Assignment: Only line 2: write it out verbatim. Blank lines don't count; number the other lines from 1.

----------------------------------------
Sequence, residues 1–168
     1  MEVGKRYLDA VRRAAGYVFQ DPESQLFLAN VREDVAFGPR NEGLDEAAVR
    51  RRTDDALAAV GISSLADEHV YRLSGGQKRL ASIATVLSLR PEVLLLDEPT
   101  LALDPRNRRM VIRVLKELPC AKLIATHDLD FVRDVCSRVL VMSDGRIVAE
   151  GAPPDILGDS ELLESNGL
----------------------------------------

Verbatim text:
     1  MEVGKRYLDA VRRAAGYVFQ DPESQLFLAN VREDVAFGPR NEGLDEAAVR